I have a project (in production) that a part of it is generating HTML from JSON object normally we use Microsoft SQL Server only as our main database. but when it comes to this part some team members suggest working with a NoSQL database as we are going to handle JSON data for both retrieval and querying. others replied that will add complexity and we will lose SQL Servers' Unit Of Work which will break the Atomic behavior, and they suggest to continue working with SQL Server since it supports working with JSON. If you have practical experience using JSON with SQL Server, kindly share your feedback.

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Software Engineer III ·

I agree with the advice you have been given to stick with SQL Server. If you are on the latest SQL Server version you can query inside the JSON field. You should set up a test database with a JSON field and try some queries. Once you understand it and can demonstrate it, show it to the other developers that are suggesting MongoDB. Once they see it working with their own eyes they may drop their position of Mongo over SQL. I would only seriously consider MongoDB if there was no other SQL requirements. I wouldn't do both. I'd be all SQL or all Mongo.

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Principal Software Engineer at Accurate Background·

I think the key thing to look for is what kind of queries you're expecting to do on that JSON and how stable that data is going to be. (And if you actually need to store the data as JSON; it's generally pretty inexpensive to generate a JSON object)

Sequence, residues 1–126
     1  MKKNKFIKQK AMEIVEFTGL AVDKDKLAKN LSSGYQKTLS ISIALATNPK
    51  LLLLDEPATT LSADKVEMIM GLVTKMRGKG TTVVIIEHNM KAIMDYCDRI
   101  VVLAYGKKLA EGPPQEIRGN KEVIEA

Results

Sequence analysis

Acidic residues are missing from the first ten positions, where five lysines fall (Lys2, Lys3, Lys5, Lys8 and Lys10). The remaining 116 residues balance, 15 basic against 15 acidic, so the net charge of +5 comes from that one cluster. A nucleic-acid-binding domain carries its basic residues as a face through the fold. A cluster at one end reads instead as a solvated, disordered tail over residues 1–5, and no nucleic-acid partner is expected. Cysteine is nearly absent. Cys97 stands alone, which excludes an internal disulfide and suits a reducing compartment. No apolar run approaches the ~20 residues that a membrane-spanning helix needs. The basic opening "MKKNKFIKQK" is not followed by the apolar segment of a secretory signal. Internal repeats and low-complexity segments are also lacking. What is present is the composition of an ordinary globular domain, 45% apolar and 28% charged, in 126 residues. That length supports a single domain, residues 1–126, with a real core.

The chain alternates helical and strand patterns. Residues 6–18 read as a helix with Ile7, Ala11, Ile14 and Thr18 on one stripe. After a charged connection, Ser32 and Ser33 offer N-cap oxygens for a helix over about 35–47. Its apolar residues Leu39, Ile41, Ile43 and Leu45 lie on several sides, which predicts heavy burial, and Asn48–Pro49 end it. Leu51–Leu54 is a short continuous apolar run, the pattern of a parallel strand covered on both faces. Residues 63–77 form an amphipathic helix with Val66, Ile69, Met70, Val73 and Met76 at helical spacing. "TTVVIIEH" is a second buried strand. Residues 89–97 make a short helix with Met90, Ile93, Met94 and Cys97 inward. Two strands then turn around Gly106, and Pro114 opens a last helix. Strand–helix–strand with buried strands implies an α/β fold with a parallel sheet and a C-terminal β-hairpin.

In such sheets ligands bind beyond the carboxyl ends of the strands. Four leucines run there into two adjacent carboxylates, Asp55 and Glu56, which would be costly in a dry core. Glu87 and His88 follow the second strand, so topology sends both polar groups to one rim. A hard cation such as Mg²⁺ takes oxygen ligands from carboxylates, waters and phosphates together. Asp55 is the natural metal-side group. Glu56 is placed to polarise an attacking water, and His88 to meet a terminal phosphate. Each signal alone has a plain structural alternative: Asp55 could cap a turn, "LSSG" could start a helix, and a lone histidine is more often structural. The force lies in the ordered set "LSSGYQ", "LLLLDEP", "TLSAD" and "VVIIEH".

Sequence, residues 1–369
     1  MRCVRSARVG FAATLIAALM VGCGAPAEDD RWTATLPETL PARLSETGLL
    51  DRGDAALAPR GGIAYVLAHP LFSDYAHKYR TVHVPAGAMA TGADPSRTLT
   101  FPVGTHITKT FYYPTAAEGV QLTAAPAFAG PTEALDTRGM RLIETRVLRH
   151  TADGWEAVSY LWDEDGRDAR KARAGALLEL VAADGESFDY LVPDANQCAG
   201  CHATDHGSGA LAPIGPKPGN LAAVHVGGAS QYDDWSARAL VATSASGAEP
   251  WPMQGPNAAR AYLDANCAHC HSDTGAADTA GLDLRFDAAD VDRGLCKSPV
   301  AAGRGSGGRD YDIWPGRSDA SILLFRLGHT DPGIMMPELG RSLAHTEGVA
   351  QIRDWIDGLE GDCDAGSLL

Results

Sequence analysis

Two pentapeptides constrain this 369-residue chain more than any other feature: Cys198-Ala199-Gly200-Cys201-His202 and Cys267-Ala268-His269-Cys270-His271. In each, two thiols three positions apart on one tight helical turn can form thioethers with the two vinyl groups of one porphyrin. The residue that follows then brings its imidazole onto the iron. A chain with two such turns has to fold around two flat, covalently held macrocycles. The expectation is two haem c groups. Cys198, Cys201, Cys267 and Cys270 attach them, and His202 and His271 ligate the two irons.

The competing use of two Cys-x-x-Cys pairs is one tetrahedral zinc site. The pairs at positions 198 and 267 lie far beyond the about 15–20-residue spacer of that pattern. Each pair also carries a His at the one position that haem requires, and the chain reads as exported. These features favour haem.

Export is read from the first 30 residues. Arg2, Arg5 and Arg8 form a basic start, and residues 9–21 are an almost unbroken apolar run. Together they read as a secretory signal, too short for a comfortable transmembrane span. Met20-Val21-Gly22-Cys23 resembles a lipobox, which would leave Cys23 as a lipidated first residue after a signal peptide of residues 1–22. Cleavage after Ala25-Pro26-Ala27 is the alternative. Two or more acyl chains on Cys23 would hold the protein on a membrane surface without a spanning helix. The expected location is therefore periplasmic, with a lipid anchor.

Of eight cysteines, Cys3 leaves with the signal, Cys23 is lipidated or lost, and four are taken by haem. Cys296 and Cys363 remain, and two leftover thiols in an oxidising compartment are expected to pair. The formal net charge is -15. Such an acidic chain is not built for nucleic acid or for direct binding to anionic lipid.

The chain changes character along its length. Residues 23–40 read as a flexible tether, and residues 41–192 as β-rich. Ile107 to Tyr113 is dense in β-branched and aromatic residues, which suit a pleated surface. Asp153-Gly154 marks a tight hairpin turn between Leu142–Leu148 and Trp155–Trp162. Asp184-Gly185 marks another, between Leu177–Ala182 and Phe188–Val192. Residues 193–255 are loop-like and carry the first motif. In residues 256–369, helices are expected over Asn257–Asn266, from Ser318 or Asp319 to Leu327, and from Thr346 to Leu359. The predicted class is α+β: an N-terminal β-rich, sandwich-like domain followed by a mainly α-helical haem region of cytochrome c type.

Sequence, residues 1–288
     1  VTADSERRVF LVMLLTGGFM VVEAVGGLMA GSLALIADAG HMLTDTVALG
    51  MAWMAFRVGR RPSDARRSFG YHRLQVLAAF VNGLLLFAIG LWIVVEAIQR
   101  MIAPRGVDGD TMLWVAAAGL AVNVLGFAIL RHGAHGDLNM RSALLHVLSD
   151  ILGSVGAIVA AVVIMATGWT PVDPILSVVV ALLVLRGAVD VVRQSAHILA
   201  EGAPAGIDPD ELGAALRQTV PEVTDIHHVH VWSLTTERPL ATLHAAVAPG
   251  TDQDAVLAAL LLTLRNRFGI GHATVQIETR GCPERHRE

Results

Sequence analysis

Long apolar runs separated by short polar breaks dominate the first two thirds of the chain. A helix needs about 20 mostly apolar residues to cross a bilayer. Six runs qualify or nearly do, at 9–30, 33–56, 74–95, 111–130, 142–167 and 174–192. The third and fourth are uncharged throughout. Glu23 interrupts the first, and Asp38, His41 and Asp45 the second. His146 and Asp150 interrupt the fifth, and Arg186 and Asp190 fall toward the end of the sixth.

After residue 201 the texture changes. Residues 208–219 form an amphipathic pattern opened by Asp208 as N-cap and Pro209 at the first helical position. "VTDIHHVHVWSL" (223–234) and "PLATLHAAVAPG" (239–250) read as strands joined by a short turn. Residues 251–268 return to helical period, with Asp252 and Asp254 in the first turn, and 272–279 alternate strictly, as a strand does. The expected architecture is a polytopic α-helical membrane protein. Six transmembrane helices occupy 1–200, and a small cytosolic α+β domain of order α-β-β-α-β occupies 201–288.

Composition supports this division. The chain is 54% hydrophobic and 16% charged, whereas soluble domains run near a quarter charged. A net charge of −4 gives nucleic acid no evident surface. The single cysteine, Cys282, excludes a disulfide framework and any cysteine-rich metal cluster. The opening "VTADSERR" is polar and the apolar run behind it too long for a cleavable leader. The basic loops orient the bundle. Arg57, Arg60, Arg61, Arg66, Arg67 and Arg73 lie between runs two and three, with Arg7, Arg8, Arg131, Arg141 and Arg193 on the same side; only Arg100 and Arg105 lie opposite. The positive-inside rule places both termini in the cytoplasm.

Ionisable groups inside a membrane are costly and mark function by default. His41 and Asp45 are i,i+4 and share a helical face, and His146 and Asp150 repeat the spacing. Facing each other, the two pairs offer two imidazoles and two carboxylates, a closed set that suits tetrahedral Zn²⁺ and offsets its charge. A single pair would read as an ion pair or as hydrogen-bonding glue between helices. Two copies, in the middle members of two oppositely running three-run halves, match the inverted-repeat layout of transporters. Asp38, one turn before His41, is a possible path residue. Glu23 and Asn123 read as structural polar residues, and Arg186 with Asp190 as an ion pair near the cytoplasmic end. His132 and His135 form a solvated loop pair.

MongoDB gets rid of the relational aspect of data in favor of data being very fluid in structure.

So if your JSON is going to vary a lot/is unpredictable/will change over time and you need to run queries efficiently like 'records where the field x exists and its value is higher than 3', that's a great use case for MongoDB.

It's hard to solve this in a standard relational model: Indexing on a single column that has wildly different values is pretty much impossible to do efficiently; and pulling out the data in its own columns is hard because it's hard to predict how many columns you'd have or what their datatypes would be. If this sounds like your predicament, 100% go for MongoDB.

If this is always going to be more or less the same JSON and the fields are going to be predictably the same, then the fact that it's JSON doesn't particularly matter much. Your indexes are going to approach it similar to a long string.

If the queried fields are very predictable, you should probably consider storing the fields as separate columns to have better querying capabilities. Ie if you have {"x":1, "y":2}, {"x":5, "y":6}, {"x":9, "y":0} - just make a table with an x and y column and generate the JSON. The CPU hit is worth it compared to the querying capabilities.

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Yves Basquet
Yves Basquet
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January 29th 2022 at 6:38AM

Hi Blacknight. If your single motivation is to store JSON, don't bother and continue with SQL Server.

When it comes to MongoDB, the true power is getting out of the standard relational DB thinking (a MongoDB collection is very different to a SQL Server table).

It takes a while to shift, but when you have and you realise the power and freedom you get (to basically store the data in the most adhoc form for your need), you'll never go back to SQL Server and relational.

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TwoBySea

Software Engineer III